The defendants, however, fail to recognize that “[a] court of equity will apply the doctrine of clean hands to a tenant seeking such equitable relief․” Id., at 67, 584 A.2d 458. The clean hands doctrine “expresses the principle that where a plaintiff seeks equitable relief, he must show that his conduct has been fair, equitable and honest as to the particular controversy in issue.” Emigrant Mortgage Co. v. D'Agostino, 94 Conn.App. 793, 804, 896 A.2d 814, cert. denied, 278 Conn. 919, 901 A.2d 43 (2006). Therefore, “a tenant whose breach was ‘willful’ or ‘grossly negligent’ will not be entitled to [equitable] relief.” Fellows v. Martin, supra, 217 Conn. at 67, 584 A.2d 458; see also Cumberland Farms, Inc. v. Dairy Mart, Inc., 225 Conn. 771, 778, 627 A.2d 386 (1993) (“[w]illful or gross negligence in failing to fulfill a condition precedent of a lease bars the application of the doctrine of equitable nonforfeiture”).
In the present case, the court characterized the defendants' violation of their lease agreement as “wilful,” finding that “despite many attempts over several years by the plaintiff to obtain the defendants' compliance with established rules, the defendants persisted in their refusal to comply but nonetheless continued to remain as tenants of the plaintiff.” We are reluctant to interfere with a court's exercise of equitable discretion and will ordinarily only reverse “where we find that a trial court acting as a court of equity could not reasonably have concluded as it did․” (Citations omitted.) Fellows v. Martin, supra, 217 Conn. at 68, 584 A.2d 458. We conclude, therefore, that the court reasonably could have found that the defendants' breach was wilful and consequently that equitable relief of nonforfeiture was not appropriate. The defendants were cognizant of the fact that they were in breach of their lease agreement, as evidenced by their receipt and nonpayment of billing charges in connection with parking more than two vehicles on their site, along with their involvement in a prior summary process action grounded on the same behavior. The defendants nevertheless refused to comply with the mobile home park rules and regulations with regard to motor vehicle parking for almost four years.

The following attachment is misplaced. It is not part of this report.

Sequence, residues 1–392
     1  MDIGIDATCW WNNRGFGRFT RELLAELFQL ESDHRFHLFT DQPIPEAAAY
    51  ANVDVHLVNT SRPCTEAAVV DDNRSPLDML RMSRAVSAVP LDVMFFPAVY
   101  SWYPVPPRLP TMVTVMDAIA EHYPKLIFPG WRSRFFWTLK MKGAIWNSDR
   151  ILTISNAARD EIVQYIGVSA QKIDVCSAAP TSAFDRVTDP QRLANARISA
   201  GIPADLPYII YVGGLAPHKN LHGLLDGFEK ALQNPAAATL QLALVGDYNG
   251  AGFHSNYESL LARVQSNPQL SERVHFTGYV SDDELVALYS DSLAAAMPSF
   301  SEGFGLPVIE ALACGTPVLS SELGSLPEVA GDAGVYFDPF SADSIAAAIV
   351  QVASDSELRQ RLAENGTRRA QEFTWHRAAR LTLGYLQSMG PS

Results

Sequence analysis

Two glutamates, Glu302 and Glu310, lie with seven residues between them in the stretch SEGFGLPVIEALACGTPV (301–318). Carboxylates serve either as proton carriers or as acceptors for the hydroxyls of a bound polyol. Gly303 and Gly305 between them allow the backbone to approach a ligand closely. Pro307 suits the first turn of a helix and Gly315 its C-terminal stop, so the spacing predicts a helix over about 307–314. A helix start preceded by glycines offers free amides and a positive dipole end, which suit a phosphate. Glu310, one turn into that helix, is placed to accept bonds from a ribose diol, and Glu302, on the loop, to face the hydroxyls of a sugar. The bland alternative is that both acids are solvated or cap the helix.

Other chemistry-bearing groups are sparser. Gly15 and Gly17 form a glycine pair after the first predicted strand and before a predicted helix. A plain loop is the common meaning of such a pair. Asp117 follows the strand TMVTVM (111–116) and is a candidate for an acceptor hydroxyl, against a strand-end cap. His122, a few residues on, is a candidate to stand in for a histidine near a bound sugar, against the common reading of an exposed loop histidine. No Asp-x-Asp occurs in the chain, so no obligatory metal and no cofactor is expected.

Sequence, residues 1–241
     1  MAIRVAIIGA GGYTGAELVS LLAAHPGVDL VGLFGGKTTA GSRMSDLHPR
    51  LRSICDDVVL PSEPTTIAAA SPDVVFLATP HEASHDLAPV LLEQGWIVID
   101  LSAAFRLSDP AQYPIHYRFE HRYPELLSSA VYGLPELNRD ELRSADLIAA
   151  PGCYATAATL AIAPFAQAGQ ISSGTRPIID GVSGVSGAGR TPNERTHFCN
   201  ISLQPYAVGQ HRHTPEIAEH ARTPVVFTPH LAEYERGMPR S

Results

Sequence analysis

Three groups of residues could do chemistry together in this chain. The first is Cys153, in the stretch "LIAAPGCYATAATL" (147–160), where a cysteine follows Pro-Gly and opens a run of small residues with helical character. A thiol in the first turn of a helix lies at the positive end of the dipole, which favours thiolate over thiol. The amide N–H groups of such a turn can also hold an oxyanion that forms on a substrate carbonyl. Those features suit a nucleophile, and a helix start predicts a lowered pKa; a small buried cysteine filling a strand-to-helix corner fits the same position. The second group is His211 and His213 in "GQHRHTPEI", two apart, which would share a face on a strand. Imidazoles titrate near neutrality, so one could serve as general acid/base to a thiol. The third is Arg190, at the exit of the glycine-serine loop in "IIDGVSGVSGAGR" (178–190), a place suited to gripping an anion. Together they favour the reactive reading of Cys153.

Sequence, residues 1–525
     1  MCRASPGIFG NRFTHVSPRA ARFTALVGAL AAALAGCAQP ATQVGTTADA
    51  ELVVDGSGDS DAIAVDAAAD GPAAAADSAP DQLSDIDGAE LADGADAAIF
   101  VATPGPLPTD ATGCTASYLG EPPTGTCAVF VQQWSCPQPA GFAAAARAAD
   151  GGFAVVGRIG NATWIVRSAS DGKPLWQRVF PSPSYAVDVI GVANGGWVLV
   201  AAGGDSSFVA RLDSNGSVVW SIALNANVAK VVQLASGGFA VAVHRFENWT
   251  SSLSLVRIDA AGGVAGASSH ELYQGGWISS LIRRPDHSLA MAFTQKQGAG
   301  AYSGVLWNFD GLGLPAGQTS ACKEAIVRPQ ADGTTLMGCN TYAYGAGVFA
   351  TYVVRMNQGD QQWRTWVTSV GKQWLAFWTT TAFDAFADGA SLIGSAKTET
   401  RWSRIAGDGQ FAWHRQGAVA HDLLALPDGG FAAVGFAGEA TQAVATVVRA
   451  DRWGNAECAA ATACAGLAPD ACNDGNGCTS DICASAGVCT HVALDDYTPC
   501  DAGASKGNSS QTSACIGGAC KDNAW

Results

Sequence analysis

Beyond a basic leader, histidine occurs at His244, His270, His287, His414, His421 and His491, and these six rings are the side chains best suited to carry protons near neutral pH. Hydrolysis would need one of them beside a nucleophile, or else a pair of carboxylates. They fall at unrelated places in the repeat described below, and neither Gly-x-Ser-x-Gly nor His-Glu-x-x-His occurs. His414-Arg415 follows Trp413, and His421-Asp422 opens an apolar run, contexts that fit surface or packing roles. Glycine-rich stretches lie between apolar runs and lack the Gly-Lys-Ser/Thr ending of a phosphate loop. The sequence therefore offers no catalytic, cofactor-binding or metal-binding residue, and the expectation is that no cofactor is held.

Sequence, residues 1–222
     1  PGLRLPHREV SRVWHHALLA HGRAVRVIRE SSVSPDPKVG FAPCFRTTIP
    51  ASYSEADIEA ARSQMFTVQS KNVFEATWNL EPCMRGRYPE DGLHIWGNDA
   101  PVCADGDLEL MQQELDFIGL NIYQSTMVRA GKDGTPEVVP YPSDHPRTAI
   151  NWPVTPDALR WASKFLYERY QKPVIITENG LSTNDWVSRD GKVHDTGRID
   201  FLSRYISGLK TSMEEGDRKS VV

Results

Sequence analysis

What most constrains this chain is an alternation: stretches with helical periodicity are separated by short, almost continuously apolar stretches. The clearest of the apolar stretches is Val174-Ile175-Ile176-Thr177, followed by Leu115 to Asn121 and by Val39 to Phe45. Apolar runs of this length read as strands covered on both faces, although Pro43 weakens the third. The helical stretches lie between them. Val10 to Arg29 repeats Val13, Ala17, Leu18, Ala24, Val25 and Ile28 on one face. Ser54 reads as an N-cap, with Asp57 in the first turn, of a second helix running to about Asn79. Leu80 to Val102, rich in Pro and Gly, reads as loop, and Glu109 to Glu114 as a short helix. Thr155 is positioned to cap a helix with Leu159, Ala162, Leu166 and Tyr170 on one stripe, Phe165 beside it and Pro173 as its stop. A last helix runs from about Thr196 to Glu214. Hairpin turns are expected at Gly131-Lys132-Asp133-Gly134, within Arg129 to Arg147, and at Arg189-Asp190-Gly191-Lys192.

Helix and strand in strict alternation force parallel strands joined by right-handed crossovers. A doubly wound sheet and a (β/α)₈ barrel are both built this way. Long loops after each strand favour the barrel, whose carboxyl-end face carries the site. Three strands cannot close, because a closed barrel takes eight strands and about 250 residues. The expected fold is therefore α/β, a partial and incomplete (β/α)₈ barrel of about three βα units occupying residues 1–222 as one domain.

The judgment is affirmed.
1. Paragraph twelve of the lease agreement addressed the issue of a holdover tenancy and sets forth in relevant part: “In the event that the Resident shall at any time hold over the premises beyond the original term of the lease, such holding over shall be on all the same terms and conditions contained in this lease․”
2. At the time of the present summary process action, the residents association's lawsuit was pending in the trial court.
3. General Statutes § 21-70(d) provides in relevant part: “An owner [of a mobile manufactured home park], from time to time, may adopt a rule or regulation, however described, concerning the resident's use and occupancy of the premises. Such rule or regulation shall be enforceable against the resident only if ․ (3) such rule or regulation applies to all residents on the premises in a fair manner, provided reasonable exemptions may be made for good cause․”
4. General Statutes § 21-80(b)(1) provides in relevant part: “[A]n owner may terminate a rental agreement or maintain a summary process action against a resident who owns a mobile manufactured home only for one or more of the following reasons ․ (C) Material noncompliance by the resident with the rental agreement or with rules or regulations adopted under section 21-70․”
5. Jeffrey Doolan, the plaintiff's president, testified that many of the residents who were parking more than two vehicles on their sites at the time of this action were properly doing so pursuant to a “grandfathering rule” that the plaintiff adopted in 2007. This rule permitted residents, who were current in their payments for parking more than two motor vehicles as of the end of 2006, to continue parking a third vehicle throughout 2007 at no additional charge. The defendants claim that this “grandfathering rule” was invalid because it was not in writing as required by § 21-70(d)(5) and was not filed with the department of consumer protection as required by § 21-70(e).Although the record is vague as to whether this “grandfathering rule” did or did not comply with the requirements set forth in § 21-70, the rule's validity is of no consequence. The defendants do not claim to have even a remote connection to this “grandfathering rule,” having not been current with their motor vehicle parking payments as of the end of 2006. As such, we cannot decipher how the alleged invalidity of this rule as to residents of the mobile home park, other than the defendants, has any relevance to this appeal.